10 curiosities of the world of architecture
The architectural design is magical and exciting. As in all arts, some of the most famous buildings in the world have curiosities which certainly every architecture lover should know about. Ospinas tells you some of them.
- Gaudí was run over by a tram in 1926. The acclaimed spanish architect, 74, died after the accident and was buried in the Chapel of Our Lady of Carmen, located in the Crypt of the Sagrada Familia in Barcelona, one of his last works which is still in the final phase of construction.
- The current location of the Giza Pyramids –nearly 20 kilometers from the city of Cairo- belongs to a cemetery where they used to bury the Egyptian citizens who died in that period.
- Manhattan is one of the great examples of perfect design. The island connects the districts of Staten Island, Queens, The Bronx and New Jersey through four tunnels and 19 bridges.
- The Bahrain World Trade Center was one of the first pioneering constructions using wind turbines in order to créate and sabe energy. The three horizontal wing turbines, which generate between 10% and 15% of electricity, only cost 3% of the total budget for the construction.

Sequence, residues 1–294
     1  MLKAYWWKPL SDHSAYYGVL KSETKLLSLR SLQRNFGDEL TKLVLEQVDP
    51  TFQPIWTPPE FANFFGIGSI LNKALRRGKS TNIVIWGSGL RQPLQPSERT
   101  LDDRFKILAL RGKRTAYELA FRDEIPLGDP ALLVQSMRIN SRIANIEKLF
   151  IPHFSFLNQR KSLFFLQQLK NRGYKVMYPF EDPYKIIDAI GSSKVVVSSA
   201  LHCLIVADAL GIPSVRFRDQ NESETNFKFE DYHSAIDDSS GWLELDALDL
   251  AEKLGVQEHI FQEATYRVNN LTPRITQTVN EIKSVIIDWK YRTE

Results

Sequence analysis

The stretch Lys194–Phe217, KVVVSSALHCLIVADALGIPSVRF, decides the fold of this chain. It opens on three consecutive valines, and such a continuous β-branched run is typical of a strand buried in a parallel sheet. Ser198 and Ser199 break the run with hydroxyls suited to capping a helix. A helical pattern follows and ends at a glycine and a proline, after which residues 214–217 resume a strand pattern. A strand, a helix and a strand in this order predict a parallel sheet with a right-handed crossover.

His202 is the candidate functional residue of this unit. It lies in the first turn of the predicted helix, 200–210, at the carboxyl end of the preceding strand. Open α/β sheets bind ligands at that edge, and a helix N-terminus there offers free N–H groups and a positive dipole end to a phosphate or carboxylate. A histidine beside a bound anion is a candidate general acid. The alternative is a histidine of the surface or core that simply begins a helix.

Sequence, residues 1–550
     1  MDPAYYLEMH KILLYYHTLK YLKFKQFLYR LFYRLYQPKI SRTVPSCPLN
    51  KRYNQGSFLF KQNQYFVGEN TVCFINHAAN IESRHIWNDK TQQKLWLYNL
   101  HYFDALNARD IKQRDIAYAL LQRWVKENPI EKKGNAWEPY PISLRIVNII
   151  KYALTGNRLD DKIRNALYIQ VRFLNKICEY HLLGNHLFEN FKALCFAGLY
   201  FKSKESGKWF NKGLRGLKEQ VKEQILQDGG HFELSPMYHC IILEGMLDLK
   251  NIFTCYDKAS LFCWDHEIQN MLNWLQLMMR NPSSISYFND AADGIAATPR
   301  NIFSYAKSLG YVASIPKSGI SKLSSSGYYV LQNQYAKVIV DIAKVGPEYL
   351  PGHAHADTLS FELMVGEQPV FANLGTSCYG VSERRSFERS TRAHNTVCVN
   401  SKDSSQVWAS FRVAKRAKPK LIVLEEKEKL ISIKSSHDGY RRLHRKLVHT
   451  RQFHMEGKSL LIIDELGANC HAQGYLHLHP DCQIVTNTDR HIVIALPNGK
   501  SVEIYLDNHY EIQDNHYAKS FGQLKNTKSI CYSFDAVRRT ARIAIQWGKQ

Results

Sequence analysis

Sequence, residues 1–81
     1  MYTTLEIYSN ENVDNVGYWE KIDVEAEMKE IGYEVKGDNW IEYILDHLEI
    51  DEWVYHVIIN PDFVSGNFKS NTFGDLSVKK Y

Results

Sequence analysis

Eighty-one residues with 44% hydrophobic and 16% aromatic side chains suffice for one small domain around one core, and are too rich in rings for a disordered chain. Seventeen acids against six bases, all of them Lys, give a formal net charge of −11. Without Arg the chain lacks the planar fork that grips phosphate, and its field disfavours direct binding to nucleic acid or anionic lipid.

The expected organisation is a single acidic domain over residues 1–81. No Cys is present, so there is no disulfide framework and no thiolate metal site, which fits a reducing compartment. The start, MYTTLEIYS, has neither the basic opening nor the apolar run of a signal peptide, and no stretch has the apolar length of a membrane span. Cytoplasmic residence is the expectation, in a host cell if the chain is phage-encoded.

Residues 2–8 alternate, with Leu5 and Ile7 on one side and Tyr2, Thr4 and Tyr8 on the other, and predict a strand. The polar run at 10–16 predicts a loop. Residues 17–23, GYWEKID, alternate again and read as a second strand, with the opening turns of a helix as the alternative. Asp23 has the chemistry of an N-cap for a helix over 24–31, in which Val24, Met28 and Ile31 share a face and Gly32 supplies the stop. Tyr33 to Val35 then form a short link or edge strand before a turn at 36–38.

- From the perspective of Feng Shui, the Bank of China in Hong Kong is one of the most “aggressive” constructions in the world. The finishes and edges of the facade point as arrows to competing banks as if you were to make a “direct attack”.
- Designers Christoph Rossner, Annette Paul and Andre Tempel achieved with the “wall of the funnel” in Dresden, Germany one of the most fascinating buildings in modern architecture: a building that produces music when it rains. The drainage system, chutes and funnels filtered together to produce the sounds that accompany the raini afternoon in the neighborhood of Neustadt.
- According to the World Federation of Great Towers, the Burj Khalifa in Dubai, with 828 meters, is the tallest building in the world.
- Mies Van der Rohe was one of the fist designers to install glass panels from floor to ceiling in constructions. An example of this is the Seagram Building in New York.
- If you are a fan of Jackson Pollock, in the Netherlands there is a buildings that reflects the feeling of the artist. The Dutch Institute for Sound and Vision in Hilversum, Holland, is a reflection of one of the paintings of the American artista in a color version. A translucent collage, luxurious, colorful in every corner and opulent.
- The Eiffel Tower in Paris is one of the buildings that increases in height over time. Every summer, the building registers an increase of 6-15 centimeters a result of thermal expansion of its metal.